Tobacco demand, delay discounting, and smoking topography among smokers with and without psychopathology

Samantha G. Farris, Elizabeth R. Aston, Ana M. Abrantes, Michael J. Zvolensky

Research output: Contribution to journalArticle

10 Scopus citations

Abstract

Introduction Tobacco demand (i.e., relative value attributed to a given reinforcer) and delay discounting (i.e., relative preference for smaller immediate rewards over larger delayed rewards) are two behavioral economic processes that are linked to the progression of problematic substance use. These processes have not been studied among those with psychopathology, a vulnerable group of smokers. The current study examined differences in tobacco demand and delay discounting, and their association with smoking topography among smokers with (n = 43) and without (n = 64) past-year psychopathology. Method Adult daily smokers (n = 107, Mage = 43.5; SD = 9.7) participated in a study on “smoking behavior.” Past-year psychological disorders were assessed via a clinician-administered diagnostic assessment. All subjects participated in an ad libitum smoking trial and then completed an assessment of delay discounting (Monetary Choice Questionnaire) and tobacco demand (Cigarette Purchase Task) approximately 45–60 min post-smoking. Results Smokers with psychopathology, compared to those without, had significantly higher demand intensity and maximum expenditure on tobacco (Omax), but did not differ on other demand indices or delay discounting. Smokers with psychopathology had shorter average inter-puff intervals and shorter time to cigarette completion than smokers without psychopathology. Tobacco demand and delay discounting measures were significantly intercorrelated among smokers with psychopathology, but not those without. Both behavioral economic measures were associated with specific aspects of smoking topography in smokers with psychopathology. Discussion The association between tobacco demand and delay discounting is evident among smokers with psychopathology and both measures were most consistently related to smoking behavior.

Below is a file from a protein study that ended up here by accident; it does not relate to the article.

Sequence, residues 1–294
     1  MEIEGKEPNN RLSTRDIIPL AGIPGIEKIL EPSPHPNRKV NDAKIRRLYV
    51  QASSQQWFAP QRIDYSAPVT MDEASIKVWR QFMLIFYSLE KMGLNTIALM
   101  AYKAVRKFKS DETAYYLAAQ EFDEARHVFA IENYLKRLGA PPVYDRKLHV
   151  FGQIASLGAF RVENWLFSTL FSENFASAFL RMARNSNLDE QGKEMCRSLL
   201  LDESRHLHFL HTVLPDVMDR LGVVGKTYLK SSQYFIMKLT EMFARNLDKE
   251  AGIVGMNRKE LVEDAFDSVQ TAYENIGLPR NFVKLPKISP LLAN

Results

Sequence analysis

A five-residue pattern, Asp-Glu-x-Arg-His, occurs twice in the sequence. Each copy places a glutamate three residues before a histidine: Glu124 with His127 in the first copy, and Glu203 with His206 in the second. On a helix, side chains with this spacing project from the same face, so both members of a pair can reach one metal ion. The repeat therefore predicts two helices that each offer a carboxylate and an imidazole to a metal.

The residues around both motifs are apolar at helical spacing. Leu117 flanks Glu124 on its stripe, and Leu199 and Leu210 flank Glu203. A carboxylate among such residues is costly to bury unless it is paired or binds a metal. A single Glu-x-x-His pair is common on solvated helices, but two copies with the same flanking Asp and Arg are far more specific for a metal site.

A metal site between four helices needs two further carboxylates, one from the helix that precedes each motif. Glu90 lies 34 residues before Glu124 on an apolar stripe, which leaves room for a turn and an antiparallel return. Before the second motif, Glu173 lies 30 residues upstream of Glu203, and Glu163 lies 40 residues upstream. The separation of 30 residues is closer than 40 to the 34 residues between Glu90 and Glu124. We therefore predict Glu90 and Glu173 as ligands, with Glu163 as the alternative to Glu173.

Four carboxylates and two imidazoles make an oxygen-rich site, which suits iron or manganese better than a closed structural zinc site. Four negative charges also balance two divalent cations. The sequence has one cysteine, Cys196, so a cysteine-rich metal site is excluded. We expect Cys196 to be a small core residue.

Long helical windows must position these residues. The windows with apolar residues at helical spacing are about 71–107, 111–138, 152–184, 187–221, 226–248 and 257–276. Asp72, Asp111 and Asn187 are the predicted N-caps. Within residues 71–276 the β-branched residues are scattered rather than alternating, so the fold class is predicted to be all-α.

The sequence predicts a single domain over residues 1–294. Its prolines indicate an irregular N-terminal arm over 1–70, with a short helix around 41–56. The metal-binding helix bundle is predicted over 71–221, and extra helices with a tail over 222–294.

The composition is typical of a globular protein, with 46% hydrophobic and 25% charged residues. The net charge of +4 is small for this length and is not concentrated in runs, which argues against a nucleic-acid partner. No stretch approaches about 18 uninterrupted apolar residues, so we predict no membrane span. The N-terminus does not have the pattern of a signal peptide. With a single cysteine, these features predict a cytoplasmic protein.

Original languageEnglish (US)
Pages (from-to)247-253
Number of pages7
JournalDrug and Alcohol Dependence
Volume179
DOIs
StatePublished - Oct 1 2017
Externally publishedYes

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All Science Journal Classification (ASJC) codes

  • Toxicology
  • Pharmacology
  • Psychiatry and Mental health
  • Pharmacology (medical)

Keywords

  • Cigarette purchase task
  • Comorbidity
  • Delay discounting
  • Relative value
  • Smoking topography

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